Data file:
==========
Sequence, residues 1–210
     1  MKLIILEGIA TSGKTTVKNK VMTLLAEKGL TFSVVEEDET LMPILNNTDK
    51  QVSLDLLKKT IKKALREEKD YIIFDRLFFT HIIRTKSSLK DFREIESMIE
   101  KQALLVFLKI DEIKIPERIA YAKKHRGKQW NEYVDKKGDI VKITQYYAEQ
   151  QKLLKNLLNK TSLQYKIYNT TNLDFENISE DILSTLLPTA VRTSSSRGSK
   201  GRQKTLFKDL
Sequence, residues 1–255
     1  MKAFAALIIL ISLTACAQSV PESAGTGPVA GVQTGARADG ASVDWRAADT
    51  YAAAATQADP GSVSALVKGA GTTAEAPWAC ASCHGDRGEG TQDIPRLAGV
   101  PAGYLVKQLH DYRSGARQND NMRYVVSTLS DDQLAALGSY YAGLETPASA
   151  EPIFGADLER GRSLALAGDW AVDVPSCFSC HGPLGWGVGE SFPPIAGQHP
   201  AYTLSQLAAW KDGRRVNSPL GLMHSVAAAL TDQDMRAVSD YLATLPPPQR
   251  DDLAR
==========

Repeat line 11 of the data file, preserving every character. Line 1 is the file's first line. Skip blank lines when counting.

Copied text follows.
   151  EPIFGADLER GRSLALAGDW AVDVPSCFSC HGPLGWGVGE SFPPIAGQHP